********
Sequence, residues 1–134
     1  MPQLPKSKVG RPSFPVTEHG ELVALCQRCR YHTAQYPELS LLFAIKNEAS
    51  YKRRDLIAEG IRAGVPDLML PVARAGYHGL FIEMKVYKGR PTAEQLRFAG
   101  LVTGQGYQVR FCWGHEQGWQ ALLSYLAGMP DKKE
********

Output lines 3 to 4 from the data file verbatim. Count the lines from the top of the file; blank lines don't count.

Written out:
    51  YKRRDLIAEG IRAGVPDLML PVARAGYHGL FIEMKVYKGR PTAEQLRFAG
   101  LVTGQGYQVR FCWGHEQGWQ ALLSYLAGMP DKKE